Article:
Ignore the naysayers! The outlook for print is positive and profitable. The first step is acknowledging that the market has changed and that print needs to be viewed differently in order to succeed.
In a shrinking magazine market – and it is shrinking – it is key to approach printed products without sentiment and work out how you can make each copy you sell profitable! Do that and there is still much profit to be made.
The good news is that many of the key variables to ensure this are within our control – cover price, pagination, paper grades, handling and the sales efficiency / availability balance in the newstrade, as well as the option to have a one-to-one relationship with the customer via a subscription.
These variables need to be reviewed with profit as a key objective. The common publishing response of not increasing prices due to pagination declines and printing more copies in the hope of selling a few more is simply not sustainable anymore. Quantity of content should not be equated to the price or value, quality of content should and there needs to be more confidence in the perceived value of a magazine.
Excessive availability in the shops is also rarely worth its cost. Be brave – sell higher priced products to potentially fewer people and cut out wastage. There are many case studies in modern publishing where this approach of ‘less is more’ has been proven to succeed.
The metric for success with print needs to change. It is no longer ‘how may copies can we sell’, but ‘how much can I make per copy’.
There is also much evidence to show that traditional price points for magazines, which many publishers were reluctant to breach, are no longer relevant. Magazine publishers have discovered that while, broadly, sales are declining, there are those customers who will pay much more simply because they love the format. This is why we see the proliferation of the £10 plus “bookazines” on newsstands.
Just as cinema, radio and television went through painful reinventions while working out that the “market” desired a more niched delivery of content, so it is currently for magazines. And, just as book sales slumped on launch of the Kindle, so magazines are experiencing similar now. However, book sales have grown for seven years in a row as many customers decided that this was the format they prefer, and publishers responded accordingly.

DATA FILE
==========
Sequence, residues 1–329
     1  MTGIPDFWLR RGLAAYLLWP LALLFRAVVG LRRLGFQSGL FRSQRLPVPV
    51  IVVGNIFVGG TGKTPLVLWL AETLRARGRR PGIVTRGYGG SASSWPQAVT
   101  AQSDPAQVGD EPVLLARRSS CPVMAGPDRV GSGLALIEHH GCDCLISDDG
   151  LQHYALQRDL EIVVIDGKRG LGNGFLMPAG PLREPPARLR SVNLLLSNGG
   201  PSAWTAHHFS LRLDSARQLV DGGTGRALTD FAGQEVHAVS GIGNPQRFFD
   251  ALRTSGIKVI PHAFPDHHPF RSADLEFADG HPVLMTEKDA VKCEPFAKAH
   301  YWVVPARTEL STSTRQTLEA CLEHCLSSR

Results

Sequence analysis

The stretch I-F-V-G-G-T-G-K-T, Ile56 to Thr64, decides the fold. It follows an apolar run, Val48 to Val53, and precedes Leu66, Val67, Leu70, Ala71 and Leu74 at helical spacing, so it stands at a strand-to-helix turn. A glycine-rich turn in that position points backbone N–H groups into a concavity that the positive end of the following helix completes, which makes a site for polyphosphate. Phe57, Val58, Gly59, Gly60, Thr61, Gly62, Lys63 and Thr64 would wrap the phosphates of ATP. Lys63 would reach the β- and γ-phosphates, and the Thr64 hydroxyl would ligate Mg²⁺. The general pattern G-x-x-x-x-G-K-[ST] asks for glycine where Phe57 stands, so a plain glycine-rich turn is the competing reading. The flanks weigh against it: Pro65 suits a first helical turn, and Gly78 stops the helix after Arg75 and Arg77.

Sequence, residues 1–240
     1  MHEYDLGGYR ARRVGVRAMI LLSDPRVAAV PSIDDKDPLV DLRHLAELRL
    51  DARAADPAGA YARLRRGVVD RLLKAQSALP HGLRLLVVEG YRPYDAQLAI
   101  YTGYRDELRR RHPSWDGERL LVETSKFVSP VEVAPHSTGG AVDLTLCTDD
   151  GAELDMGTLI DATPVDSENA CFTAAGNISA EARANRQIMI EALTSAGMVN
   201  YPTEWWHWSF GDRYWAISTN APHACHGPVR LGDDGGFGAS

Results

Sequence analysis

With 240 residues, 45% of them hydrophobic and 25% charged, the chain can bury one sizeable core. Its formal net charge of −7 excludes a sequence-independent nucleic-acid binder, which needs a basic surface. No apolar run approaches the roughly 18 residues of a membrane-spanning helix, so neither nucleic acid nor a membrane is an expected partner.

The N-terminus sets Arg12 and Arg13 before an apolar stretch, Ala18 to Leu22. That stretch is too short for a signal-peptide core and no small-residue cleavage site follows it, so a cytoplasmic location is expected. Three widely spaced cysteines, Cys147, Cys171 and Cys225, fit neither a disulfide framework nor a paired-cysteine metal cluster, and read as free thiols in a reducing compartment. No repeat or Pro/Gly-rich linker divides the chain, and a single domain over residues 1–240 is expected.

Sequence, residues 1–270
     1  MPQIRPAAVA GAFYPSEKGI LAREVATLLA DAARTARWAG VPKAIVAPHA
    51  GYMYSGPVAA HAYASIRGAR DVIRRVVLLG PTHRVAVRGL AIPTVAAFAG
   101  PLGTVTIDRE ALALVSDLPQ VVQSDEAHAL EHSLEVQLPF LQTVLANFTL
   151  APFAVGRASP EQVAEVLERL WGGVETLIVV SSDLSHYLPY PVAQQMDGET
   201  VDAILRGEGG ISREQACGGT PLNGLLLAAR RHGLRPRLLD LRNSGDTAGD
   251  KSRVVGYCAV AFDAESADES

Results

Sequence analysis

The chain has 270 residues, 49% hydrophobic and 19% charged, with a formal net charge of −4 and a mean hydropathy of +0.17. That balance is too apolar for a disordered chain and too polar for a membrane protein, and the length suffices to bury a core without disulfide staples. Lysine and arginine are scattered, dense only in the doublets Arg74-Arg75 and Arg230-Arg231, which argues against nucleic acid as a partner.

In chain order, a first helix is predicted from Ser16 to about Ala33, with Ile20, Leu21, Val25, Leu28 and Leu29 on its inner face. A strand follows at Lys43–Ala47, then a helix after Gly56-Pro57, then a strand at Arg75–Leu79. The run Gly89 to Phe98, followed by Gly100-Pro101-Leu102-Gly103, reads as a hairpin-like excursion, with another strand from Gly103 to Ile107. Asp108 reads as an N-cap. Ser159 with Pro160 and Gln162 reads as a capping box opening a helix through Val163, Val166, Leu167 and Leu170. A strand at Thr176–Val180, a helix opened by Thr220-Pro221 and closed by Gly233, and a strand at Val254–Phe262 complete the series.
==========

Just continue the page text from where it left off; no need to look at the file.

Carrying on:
If magazine publishers take the same approach, then the future of print is secure. However, now more than ever, the old adage that madness is ‘doing the same thing over and over again but expecting a different result’ is true for print.
Be brave – sell higher priced products to potentially fewer people and cut out wastage.
About Warners Group Publications plc
Having been in specialist magazine publishing for over 25 years, we understand publishing. We provide a complete range of publishing services for publishers across all markets. Our services help publishers through all the stages from creation to circulation, offering publisher-orientated third party publishing services.
Tel: 01778 395043
Mob: 07989 324157
This article is part of our ‘Print Post-Pandemic’ special feature, looking at the future of print as we emerge from lockdown. The feature includes the following articles by leading publishers and suppliers:
A major part of the mix, by Mark Allen
Rewards extended dwell time, by Sally Hampton
Shout it loud: print is safe!, by Chris Horn
Targeted distribution is key, by Stephanie Hyde
New metrics needed, by Keiron Jefferies
Sustainability: consumers demanding more, by Sarah Lesting
We need to change the way we operate, by Nicola Murphy
Reasons for (justifiable) optimism, by Tim Robinson
Luxury is physical, by Piers Russell-Cobb
Positive outlook, by Adam Sherman
Subtle changes bring cost savings, by Julian Townsend
Turning ‘expensive’ into ‘premium’, by Neil Wass
This article was first published in InPublishing magazine. If you would like to be added to the free mailing list, please register here.